Submitted to: Ecosphere
Publication Type: Peer Reviewed Journal
Publication Acceptance Date: 7/13/2011
Publication Date: 8/30/2011
Citation: Kelley, A.M., Fay, P.A., Polley, H.W., Gill, R.A., Jackson, R.B. 2011. Atmospheric CO2 and soil extracellular enzyme activity: A meta-analysis and CO2 gradient experiment. Ecosphere. 2(8):art96. Interpretive Summary: The concentration of carbon dioxide (CO2) in the atmosphere has increased by 40% since industrialization and is predicted to reach double the pre-industrial level within the century. Higher CO2 increases the maximum rate at plants can growth, but may indirectly affect plant growth by affecting how soil microorganisms respond to changes in the quantity and quality of organic (plant-derived) compounds in soil. Soil microbes produce extracellular enzymes that break down organic molecules in soil, thereby releasing the nutrient elements that plants require to grow. In order to better understand soil microbial responses to CO2, we conducted two analyses. First, we analyzed responses of microbial enzyme activity to elevated CO2 using a compilation of studies reported in the scientific literature (meta-analysis). Second, we measured soil enzyme activity in both sandy and clay soils with tallgrass-prairie vegetation that had been exposed to a continuous gradient in atmospheric CO2 spanning pre-Industrial to elevated concentrations. Of enzymes in the ten groups examined in the meta-analysis, only an enzyme that degrades the carbon- and nitrogen-containing building blocks of a molecule found primarily in fungi (chitin) changed significantly at elevated CO2 (14.4% average increase). By contrast, both carbon-cycling and element-cycling enzymes responded to CO2 in the field study. Increased CO2 reduced the activity of three carbon-degrading enzymes in the sandy soil, but increased the activity of a phosphorus-releasing enzyme in the sandy soil and chitin-degrading enzyme in the clay soil. Enzyme activities likely responded to changes in either the amount of specific compounds in soil or limitations of nitrogen or phosphorus availability that resulted from an increase in plant growth at elevated CO2. Our results demonstrate that soil type could explain part of the variation in enzyme responses to CO2 that have been observed by others and highlight the importance of considering soil characteristics when predicting CO2 effects on plant and microbial functioning.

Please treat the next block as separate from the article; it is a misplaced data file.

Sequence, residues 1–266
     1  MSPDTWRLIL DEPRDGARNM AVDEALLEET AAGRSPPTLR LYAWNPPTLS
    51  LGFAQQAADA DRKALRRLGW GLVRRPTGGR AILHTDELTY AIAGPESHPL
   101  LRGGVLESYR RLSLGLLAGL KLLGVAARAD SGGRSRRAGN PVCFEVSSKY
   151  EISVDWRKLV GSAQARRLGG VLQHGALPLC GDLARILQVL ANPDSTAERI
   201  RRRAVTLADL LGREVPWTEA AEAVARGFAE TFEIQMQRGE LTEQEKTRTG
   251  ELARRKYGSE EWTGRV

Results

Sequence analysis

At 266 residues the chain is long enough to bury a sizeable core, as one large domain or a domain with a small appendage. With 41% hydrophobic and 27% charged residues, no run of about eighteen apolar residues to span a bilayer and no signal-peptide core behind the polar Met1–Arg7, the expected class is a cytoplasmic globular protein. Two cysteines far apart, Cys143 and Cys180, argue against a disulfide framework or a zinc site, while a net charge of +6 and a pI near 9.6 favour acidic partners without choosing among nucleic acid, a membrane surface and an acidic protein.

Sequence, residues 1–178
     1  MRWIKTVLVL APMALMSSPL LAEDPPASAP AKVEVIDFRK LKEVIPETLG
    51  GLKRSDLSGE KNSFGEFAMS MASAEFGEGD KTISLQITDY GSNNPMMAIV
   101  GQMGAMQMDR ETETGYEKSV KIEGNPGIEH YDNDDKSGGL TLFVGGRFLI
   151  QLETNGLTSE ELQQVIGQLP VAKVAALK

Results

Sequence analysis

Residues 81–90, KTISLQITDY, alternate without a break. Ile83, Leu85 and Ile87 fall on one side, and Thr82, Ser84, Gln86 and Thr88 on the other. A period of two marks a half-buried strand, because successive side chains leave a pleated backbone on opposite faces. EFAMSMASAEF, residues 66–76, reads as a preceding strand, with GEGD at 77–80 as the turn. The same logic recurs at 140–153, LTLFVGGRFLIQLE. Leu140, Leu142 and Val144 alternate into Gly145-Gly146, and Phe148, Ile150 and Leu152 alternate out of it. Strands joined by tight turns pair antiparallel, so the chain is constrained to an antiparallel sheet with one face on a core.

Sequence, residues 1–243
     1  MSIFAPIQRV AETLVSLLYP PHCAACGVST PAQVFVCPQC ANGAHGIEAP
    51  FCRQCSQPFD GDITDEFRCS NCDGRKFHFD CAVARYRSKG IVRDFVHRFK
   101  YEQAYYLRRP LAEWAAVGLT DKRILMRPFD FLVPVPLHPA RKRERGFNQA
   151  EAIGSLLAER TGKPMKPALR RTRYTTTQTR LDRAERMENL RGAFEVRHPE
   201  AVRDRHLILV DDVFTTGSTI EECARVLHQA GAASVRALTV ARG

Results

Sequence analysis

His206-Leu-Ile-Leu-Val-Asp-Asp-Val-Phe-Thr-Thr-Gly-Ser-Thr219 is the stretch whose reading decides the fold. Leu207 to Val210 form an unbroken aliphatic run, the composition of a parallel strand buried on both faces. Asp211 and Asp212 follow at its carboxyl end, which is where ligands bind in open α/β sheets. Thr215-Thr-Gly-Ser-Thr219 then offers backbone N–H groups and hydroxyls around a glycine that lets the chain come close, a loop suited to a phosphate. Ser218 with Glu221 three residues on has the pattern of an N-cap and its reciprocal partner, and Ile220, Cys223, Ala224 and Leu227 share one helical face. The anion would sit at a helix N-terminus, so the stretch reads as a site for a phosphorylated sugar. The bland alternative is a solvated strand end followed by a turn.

Technical Abstract: Rising atmospheric CO2 concentrations may alter carbon and nutrient cycling and microbial processes in terrestrial ecosystems. One of the primary ways that microbes interact with soil organic matter is through the production of extracellular enzymes, which break down large, complex organic molecules and release nutrients into the soil. We combined a meta-analysis of responses in microbial enzyme activity to elevated CO2 with a field study of soil enzyme activity in a tallgrass-prairie ecosystem with sandy loam and clayey soils exposed to a continuous gradient of subambient-to-elevated CO2, ranging from 250 to 500 ppm CO2. Of the ten enzyme groups examined in the meta-analysis, including those that degrade starch, beta-glucan, cellulose, xylan/hemicellulose, lignin, organic P, and organic N, only an enzyme that degrades the C- and N-containing building blocks of chitin (N-acetyl-glucosaminidase) changed significantly at elevated CO2 (14.4% average increase; p < 0.03). In the field study, increasing CO2 reduced the activity of cellobiohydrolase, alpha-glucosidase, and xylosidase activity by between 13.6 – 25.8 nmol g-1 h-1 from subambient to elevated CO2 concentrations in the sandy soil during the peak of the growing season. The increase from subambient to elevated CO2 reduced the activity of leucine aminopeptidase by 130.9 nmol g-1 h-1 in the clay soil during the same period. Near the end of the growing season, CO2 enrichment increased phosphatase activity by 126.6 nmol g-1 h-1 with increasing CO2 along the gradient in the sandy soil, and, as in the meta-analysis, increased activity of N-acetyl-glucosaminidase by 17.0 nmol g-1 h-1 in the clay soil with increasing CO2 along the gradient. Our meta-analysis showed that CO2 effects on enzyme activities vary among ecosystems. Our field study demonstrated that soil type and the timing of sampling may partially explain the diversity of responses of enzyme activity observed in other CO2 experiments.